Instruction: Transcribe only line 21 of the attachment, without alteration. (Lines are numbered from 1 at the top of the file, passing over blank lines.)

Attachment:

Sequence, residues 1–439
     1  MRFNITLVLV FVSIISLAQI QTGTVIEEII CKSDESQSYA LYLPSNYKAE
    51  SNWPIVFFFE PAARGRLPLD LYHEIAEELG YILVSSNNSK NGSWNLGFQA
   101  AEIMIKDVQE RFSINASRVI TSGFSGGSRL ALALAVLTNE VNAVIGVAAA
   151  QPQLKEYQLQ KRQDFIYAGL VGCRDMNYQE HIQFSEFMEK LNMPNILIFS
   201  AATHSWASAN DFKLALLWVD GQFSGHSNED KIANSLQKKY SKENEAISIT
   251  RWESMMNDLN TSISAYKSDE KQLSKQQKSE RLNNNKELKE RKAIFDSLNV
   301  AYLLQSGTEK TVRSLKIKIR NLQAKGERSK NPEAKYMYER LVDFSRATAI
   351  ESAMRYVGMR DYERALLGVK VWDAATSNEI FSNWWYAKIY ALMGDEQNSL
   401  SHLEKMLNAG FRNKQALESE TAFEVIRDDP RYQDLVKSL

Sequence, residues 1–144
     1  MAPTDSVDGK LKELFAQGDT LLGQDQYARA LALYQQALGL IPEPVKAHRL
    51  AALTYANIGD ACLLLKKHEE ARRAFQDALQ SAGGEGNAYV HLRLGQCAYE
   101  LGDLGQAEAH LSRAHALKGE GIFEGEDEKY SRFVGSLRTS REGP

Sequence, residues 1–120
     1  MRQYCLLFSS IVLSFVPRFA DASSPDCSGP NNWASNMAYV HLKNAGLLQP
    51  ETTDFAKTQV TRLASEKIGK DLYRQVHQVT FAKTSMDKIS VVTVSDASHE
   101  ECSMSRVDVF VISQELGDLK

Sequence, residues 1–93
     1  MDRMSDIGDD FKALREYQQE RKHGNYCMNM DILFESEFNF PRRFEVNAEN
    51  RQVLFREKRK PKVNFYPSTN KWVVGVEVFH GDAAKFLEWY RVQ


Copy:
    51  RQVLFREKRK PKVNFYPSTN KWVVGVEVFH GDAAKFLEWY RVQ